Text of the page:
Below are my questions and Barry's replies.
Jewish Comics Blog : How has your life changed since wining the Sydney Taylor Book Award and having its sequel recognized as an SBTA Honor Book?
Barry Deutsch : I'm very grateful that my work has gotten some recognition.
One important change, is that I'm now more likely to be asked to come speak to children at schools. That's part of being a cartoonist that I didn't anticipate at all, and I also didn't expect how much I'd love doing it.
But there's nothing more rewarding or energizing than talking to kid audiences. It's like when I was a kid and saw Star Wars for the first time - that kind of energy boost. I think of it as the chocolate candy part of my job.
JCB : In my last interview with you, you told us to expect a wedding in the 2nd book. Yet, that wedding never materialized. Why did you change your mind and will we be seeing a wedding in a future Hereville book?
BD : I still intend to do that story! But my editor felt that the themes of that story were too mature for the second book, so it should be put off until later. At this point, I'm imagining it as book five, but one thing I've learned is that these things I laughably call "plans" are actually just speculations.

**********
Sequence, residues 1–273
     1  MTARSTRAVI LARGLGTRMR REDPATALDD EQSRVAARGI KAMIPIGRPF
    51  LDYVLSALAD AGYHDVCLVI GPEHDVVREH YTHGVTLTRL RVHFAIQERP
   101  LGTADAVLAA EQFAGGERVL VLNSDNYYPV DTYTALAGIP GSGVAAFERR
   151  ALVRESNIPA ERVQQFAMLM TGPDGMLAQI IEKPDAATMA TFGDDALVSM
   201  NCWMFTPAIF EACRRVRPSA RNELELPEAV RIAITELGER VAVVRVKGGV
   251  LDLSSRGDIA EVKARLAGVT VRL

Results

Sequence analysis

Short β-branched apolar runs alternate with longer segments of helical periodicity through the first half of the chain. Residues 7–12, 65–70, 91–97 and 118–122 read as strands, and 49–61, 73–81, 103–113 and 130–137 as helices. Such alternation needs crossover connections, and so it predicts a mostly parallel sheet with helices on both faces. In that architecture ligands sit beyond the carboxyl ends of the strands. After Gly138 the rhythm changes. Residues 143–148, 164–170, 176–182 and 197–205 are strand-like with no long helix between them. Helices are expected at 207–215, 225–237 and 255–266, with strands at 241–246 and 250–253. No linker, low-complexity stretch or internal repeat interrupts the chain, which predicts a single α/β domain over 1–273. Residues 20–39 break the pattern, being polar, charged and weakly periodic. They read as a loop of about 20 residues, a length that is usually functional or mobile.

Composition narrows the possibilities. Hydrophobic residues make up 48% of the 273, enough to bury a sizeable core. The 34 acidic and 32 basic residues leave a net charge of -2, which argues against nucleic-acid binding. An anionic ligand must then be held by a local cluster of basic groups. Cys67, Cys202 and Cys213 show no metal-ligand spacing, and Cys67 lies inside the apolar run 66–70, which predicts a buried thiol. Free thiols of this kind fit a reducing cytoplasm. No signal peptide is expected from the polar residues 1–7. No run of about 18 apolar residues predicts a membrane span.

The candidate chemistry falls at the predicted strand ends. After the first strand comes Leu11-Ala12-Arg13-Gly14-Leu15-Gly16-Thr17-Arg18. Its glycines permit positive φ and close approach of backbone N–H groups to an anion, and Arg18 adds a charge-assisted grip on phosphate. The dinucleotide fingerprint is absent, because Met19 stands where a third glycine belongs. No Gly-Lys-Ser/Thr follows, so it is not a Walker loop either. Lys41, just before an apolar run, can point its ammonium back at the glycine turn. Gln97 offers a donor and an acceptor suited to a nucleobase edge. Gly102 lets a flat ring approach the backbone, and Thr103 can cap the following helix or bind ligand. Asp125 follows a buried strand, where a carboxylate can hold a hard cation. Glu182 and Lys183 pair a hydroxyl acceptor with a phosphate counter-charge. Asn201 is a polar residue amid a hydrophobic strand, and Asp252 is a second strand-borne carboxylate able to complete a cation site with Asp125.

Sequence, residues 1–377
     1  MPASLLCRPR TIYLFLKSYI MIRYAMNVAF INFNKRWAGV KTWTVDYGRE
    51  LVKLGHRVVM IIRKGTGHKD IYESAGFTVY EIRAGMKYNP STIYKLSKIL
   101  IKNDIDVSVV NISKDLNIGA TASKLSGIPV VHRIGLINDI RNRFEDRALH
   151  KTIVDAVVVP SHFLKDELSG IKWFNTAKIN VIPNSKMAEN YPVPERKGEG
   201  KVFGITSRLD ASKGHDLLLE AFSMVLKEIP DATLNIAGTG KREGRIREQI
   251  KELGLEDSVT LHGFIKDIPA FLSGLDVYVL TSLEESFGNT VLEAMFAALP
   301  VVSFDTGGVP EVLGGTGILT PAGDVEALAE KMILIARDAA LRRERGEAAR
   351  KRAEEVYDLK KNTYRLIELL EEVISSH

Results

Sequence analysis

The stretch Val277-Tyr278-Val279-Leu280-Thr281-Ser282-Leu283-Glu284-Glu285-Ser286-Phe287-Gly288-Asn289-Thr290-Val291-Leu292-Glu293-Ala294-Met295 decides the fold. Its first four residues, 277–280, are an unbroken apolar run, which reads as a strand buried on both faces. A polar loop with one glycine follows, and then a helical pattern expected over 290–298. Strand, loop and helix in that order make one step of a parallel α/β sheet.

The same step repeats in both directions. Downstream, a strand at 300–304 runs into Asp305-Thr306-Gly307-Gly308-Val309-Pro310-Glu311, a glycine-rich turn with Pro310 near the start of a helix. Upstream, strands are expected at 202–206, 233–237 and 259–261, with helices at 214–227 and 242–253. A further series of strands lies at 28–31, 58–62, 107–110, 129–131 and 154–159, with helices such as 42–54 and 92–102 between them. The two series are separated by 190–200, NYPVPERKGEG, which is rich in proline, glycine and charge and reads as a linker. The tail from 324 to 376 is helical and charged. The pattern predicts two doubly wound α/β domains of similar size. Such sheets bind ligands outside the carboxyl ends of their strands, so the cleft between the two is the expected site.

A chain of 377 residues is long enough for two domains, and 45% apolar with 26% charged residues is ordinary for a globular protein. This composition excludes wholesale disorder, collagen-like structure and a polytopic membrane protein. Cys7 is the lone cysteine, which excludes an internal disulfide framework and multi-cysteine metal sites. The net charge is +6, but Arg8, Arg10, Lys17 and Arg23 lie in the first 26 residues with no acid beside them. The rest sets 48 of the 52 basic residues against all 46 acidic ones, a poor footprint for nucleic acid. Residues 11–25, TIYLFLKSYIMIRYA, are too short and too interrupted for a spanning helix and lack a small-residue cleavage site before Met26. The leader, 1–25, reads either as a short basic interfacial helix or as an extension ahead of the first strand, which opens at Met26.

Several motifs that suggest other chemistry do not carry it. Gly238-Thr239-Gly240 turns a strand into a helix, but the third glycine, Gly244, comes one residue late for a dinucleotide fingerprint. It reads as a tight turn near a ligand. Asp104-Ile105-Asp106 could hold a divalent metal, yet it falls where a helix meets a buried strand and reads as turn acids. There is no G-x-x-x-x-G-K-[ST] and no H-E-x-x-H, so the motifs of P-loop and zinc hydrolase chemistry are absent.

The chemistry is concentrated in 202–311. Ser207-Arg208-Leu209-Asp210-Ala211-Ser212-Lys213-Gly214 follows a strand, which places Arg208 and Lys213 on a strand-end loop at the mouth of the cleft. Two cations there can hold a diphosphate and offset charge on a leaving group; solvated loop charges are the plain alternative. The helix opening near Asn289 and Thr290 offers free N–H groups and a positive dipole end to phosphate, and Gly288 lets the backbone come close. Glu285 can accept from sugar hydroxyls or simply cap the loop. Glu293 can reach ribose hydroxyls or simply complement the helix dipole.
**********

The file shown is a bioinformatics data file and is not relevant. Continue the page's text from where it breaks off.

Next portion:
JCB : It has already been speculated by comix scholars that Jerry Siegel and Joe Shuster may have been alluding to the Kindertransport when they had Superman's parents send him away from a world on the verge of destruction to the safe haven of Earth. This was mentioned in Harry Brod's recent book Superman Is Jewish? In Hereville 2, you cleverly made a parallel between Mirka's great-great-bubba's journey from the Old Country to the New Country (presumably because of antisemitism, though that's never mentioned) and the separation of the meteorite from her meteor sisters. Were you inspired at all by the Superman origin story?
BD : I've thought of Superman's story as a Jewish immigration story for so long I no longer remember where I first encountered that interpretation. (Umberto Eco, maybe?) But that wasn't consciously in my mind when I wrote Hereville 2, and actually the parallel didn't even occur to me until just now, when you asked that question.
I agree with you that Mirka's great-great-bubba probably left the Old Country because of antisemitism, but I deliberately avoid mentioning antisemitism much in Hereville. That's something that has been covered again and again in Jewish literature for kids. There's always room for more if it's done well - see, for instance, the terrific Resistance series of graphic novels - but I think that one thing Hereville offers readers is a view of Judaism being important in people's lives, in a way that is joyful, and doesn't require antisemitism to drive the story.